This concert, starring violinist Julia Fischer and conductor Vasily Petrenko tackling two masterpieces of Russian music (namely Tchaikovsky’s Violin Concerto and Shostakovich’s Symphony no. 4) looked very promising. And indeed, it was sold out for a few weeks before the performance. These high expectations were met, and both musicians gave the audience and an energized Orchestre Philharmonique de Radio France a concert that will be long remembered. For those who missed it, the entire evening was recorded and can be viewed online for free until 14 December 2013.
Julia Fischer’s reputation is already well established, and if she has anything to be careful of, it is how easy her talent seems. Her technique is so easy looking that her music flows naturally, but it could be perceived as lacking rougher edges, and thus Fischer needs to play with musicians that know how to challenge her and even to back her into a corner. David Zinman, who played with her in her album with Decca this spring, is a talented musician, but he and Fischer get on too well: sparks were missing. Petrenko like Zinman sets very high interpretative standards, but he does so in a way that gives the orchestra a surprisingly percussive precision that raises the stakes. The orchestra becomes Fischer’s setting, but in an immersive and demanding way. Far from jeopardizing her performance, this gives her the adrenaline she needs to reach her own peak. As a answer to the Petrenko–Tchaikovsky Russian duo, Fischer’s encore as German: the third movement of Hindemith’s Sonata in G minor, an impressive virtuosic piece. It was followed by a Bach Sarabande, which served as a soft landing.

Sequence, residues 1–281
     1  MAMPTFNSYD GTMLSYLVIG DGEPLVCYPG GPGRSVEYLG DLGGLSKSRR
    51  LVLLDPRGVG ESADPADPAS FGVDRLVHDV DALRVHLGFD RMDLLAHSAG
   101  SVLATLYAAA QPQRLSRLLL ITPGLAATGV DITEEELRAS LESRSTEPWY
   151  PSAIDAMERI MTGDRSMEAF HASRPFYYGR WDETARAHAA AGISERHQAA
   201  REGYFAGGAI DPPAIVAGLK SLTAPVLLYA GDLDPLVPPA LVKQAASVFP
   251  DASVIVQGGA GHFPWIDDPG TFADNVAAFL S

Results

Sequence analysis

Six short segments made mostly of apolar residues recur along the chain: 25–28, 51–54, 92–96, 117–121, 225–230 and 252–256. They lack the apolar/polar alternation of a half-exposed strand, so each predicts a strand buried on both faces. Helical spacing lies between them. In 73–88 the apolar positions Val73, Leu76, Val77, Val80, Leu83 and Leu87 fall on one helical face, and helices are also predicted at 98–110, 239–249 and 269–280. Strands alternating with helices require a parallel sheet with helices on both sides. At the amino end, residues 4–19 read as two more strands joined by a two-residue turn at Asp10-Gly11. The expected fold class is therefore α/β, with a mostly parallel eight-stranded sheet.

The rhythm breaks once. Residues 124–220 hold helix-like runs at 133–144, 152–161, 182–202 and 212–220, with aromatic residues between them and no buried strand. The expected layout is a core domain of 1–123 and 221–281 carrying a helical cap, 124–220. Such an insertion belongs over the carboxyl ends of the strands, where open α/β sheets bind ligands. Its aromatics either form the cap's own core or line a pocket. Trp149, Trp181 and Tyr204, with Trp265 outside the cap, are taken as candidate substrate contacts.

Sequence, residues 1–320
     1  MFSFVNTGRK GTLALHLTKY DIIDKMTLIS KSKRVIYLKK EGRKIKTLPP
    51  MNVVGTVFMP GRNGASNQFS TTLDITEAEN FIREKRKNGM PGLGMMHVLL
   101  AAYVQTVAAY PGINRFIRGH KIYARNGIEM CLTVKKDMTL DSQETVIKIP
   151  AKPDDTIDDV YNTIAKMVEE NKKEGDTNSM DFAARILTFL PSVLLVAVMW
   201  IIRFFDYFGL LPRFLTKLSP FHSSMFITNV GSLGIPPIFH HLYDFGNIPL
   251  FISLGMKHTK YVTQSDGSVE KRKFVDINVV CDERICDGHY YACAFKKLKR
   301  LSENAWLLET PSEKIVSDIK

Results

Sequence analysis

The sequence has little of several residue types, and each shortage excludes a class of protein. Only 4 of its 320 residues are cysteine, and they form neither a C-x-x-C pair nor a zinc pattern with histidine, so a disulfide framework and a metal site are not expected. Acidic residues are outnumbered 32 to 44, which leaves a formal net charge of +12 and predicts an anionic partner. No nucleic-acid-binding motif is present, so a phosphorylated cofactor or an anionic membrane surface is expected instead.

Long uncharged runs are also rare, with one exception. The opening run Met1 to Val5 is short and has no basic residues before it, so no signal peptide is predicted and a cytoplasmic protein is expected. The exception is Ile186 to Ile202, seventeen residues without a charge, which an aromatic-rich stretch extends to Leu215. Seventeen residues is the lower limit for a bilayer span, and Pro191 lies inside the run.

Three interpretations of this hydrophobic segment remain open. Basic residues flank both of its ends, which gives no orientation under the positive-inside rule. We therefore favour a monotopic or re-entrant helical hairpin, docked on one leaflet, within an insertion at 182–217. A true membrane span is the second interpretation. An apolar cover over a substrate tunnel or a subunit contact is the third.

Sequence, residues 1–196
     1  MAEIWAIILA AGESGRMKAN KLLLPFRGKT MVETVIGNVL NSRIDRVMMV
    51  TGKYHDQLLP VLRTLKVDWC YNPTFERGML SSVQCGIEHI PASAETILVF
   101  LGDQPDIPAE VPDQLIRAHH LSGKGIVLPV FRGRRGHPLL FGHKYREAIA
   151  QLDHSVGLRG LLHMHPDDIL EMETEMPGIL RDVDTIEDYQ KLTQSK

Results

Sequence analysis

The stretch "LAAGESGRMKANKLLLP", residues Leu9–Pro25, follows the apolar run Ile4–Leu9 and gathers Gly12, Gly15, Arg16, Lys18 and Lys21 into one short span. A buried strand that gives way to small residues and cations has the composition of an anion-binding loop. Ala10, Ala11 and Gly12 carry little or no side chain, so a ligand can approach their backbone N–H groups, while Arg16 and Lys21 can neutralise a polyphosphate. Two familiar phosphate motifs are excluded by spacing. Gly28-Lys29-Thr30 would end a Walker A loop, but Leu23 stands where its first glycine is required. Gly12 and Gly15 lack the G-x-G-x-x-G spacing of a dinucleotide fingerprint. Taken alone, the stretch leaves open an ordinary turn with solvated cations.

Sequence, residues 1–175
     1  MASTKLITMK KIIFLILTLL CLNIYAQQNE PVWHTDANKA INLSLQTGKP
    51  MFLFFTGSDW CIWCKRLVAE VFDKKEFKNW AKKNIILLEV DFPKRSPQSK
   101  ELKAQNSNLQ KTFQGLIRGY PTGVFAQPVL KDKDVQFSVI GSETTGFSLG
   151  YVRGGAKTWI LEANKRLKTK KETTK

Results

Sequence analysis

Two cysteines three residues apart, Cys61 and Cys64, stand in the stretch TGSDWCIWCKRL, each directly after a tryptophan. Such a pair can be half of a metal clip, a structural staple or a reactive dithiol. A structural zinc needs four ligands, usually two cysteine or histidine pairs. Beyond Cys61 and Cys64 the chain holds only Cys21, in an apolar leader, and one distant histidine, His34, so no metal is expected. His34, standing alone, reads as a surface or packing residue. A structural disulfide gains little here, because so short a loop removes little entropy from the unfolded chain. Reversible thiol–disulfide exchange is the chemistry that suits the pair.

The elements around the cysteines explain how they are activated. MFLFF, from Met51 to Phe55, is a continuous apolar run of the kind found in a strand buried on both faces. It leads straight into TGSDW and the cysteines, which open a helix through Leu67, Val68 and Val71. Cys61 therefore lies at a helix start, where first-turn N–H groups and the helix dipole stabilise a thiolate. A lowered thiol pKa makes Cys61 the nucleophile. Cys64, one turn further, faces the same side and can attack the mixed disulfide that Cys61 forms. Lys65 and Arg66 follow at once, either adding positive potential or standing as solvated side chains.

The Symphony no. 4 is one of the few Shostakovich symphonies that Petrenko has not recorded (or at least released) yet in his cycle with the Liverpool Orchestra at Naxos. The recordings of the first and third symphonies were awarded a Clef d’Or ResMusica, and the second and fifteenth a Clef ResMusica. This symphony was composed in 1936, after Stalin had already violently criticized Shostakovich’s “bourgeois formalism.” It is among the composer’s best works. It is especially hard to perform because of its scale and its ceaseless rhythmic and emotional contrasts. Considering it to be too provocative and against the prevailing aesthetic of the era, Shostakovich did not have it played, and it was premiered only in 1961, after the legacy of Stalin’s influence had waned.
Petrenko was born in Saint Petersburg and is a Shostakovich specialist. For an hour, the orchestra played with breathtaking precision, fulfilling the demands of the work’s entire expressive spectrum, from its spectacular climaxes to the more introverted parts and the hints of waltz and military marches. Petrenko’s conducting is a surprising mix of imperiousness and swaying dancelike rhythm (the fugato being a very good example of this). It is at times supple and at times stinging, a combination of masculine and feminine elements, of shamanism from the depths of Asia and an acute rationality stemming from contemporary conducting practice. The video recording of the concert focuses too much on details of the musicians’ playing and gives only a partial account of the alchemy of the conductor’s body language.
This work is exhausting, as much for the musicians as for the audience. But its meditative, ambiguous conclusion can only achieve its full effect (at the same time tragic and accomplished) if we arrive at the end of the symphony with the feeling of having given it all, felt it all. Petrenko, pale, does not allow the applause to go on for too long. He could have received (and has received) longer ovations, but he must rarely have left the podium so utterly spent.
Petrenko, along with an intense orchestra, managed to render and unify in a logical way all the oppositions and contradictions of this lengthy work. To reach such an amazing understanding of this symphony is a challenge for any Russian conductor and orchestra. To do it at thirty-six with a non-Russian orchestra of which he is only a guest conductor is phenomenal.